Definition of Necrotizing enterocolitis
Necrotizing enterocolitis is the death of intestinal tissue. It primarily affects premature infants or sick newborns.
Causes, incidence, and risk factors
Necrotizing enterocolitis occurs when the lining of the intestinal wall dies and the tissue falls off. The cause for this disorder is unknown. However, it is thought that a decrease in blood flow to the bowel keeps the bowel from producing mucus that protects the gastrointestinal tract. Bacteria in the intestine may also be a cause.
Symptoms may come on slowly or suddenly, and may include:
In an infant suspected of having necrotizing enterocolitis, feedings are stopped and gas is relieved from the bowel by inserting a small tube into the stomach. Intravenous fluid replaces formula or breast milk. Antibiotic therapy is started. The infant’s condition is monitored with abdominal x-rays, blood tests, and blood gases.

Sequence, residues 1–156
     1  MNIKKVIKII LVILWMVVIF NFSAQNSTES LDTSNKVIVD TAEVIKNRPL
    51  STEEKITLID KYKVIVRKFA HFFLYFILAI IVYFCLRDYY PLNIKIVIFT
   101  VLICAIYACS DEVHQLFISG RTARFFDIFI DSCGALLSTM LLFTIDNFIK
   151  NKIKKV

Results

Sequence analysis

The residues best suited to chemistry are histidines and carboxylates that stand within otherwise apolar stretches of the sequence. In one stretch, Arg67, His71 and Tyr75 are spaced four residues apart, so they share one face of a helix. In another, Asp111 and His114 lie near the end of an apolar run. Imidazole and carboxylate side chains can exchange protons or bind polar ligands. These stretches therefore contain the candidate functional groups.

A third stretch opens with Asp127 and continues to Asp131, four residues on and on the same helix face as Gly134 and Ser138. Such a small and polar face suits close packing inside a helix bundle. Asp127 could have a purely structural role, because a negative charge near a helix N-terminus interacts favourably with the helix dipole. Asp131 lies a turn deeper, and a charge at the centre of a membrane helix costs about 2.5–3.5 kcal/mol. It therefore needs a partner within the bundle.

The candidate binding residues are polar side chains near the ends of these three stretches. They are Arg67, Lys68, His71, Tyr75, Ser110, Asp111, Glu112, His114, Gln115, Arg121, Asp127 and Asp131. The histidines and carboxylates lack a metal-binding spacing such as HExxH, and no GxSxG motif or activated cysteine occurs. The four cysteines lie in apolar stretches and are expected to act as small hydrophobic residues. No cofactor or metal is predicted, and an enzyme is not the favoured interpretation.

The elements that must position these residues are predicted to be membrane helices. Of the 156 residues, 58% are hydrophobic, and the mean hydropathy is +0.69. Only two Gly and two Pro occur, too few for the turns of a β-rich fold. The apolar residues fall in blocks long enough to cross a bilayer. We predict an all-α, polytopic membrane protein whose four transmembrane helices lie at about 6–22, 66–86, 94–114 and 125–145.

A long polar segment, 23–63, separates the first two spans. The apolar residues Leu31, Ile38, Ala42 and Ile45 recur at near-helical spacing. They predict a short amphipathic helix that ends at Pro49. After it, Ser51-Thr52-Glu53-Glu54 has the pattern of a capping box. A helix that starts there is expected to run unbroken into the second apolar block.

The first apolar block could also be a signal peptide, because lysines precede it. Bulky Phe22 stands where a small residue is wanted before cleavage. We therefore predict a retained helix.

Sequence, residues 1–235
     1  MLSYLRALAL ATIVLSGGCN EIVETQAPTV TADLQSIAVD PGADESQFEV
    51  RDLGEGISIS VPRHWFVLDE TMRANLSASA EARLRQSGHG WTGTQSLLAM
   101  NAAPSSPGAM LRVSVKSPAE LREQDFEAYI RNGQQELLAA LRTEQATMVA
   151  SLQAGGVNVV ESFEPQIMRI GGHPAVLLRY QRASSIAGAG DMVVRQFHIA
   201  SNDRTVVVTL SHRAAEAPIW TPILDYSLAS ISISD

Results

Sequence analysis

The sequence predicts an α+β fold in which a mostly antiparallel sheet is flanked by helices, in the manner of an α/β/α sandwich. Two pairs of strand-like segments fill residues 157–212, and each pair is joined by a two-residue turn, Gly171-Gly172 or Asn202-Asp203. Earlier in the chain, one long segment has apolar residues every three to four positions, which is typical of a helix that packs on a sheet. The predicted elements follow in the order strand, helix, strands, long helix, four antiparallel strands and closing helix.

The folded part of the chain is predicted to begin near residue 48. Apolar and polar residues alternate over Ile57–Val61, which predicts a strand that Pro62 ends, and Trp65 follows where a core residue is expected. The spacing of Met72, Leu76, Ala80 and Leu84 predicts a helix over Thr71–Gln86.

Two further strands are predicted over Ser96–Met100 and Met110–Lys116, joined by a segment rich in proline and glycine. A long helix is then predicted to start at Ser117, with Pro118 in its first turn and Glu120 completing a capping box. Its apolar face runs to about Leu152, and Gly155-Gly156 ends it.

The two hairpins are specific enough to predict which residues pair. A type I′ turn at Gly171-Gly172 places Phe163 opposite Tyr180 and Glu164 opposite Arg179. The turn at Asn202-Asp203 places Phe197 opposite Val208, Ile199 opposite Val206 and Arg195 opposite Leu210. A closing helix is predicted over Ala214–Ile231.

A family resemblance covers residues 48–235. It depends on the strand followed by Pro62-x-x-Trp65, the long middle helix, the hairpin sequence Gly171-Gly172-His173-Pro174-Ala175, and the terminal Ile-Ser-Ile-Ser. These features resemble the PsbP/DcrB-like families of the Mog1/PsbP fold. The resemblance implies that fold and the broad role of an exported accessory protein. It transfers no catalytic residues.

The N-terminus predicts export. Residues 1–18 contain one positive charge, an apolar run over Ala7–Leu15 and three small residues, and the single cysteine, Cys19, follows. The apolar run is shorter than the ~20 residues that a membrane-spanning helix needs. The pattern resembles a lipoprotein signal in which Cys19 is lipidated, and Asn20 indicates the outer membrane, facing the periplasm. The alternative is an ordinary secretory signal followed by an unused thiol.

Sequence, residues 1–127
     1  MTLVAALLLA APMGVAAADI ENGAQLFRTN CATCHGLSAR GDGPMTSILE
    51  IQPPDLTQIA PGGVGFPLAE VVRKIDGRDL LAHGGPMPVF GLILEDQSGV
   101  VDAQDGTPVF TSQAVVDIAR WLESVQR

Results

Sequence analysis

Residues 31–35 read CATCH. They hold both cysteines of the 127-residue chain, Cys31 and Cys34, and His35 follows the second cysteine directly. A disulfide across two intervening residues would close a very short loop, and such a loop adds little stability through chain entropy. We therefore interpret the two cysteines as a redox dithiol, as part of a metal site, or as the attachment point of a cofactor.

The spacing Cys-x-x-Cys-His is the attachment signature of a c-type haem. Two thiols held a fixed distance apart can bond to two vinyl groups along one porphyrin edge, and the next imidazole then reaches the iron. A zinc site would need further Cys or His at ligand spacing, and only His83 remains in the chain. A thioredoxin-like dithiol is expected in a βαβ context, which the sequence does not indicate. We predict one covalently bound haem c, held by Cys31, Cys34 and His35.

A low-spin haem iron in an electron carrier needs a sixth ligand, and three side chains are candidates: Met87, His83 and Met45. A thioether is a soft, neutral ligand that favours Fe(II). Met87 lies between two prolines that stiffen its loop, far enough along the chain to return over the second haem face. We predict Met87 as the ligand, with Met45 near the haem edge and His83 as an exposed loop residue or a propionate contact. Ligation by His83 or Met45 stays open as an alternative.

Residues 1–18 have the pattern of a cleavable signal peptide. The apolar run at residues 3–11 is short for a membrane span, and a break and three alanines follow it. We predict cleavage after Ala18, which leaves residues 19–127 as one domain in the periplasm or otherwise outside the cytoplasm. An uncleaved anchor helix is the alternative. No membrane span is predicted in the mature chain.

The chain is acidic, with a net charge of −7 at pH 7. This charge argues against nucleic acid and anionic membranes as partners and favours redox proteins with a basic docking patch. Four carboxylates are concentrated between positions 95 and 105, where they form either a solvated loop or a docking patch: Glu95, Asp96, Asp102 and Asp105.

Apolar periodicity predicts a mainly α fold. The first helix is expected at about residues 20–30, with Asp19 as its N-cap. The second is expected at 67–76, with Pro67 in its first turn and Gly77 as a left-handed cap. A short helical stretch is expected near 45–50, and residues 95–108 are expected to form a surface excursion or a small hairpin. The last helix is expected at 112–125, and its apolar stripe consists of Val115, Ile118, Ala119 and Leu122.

Necrotizing enterocolitis is a serious disease with a death rate approaching 25%. Early, aggressive treatment helps improve the outcome.
Todd Eisner, MD, Private practice specializing in Gastroenterology, Boca Raton, FL. Clinical Instructor, Florida Atlantic University School of Medicine. Review provided by VeriMed Healthcare Network. Also reviewed by David Zieve, MD, MHA, Medical Director, A.D.A.M., Inc. – 5/15/2009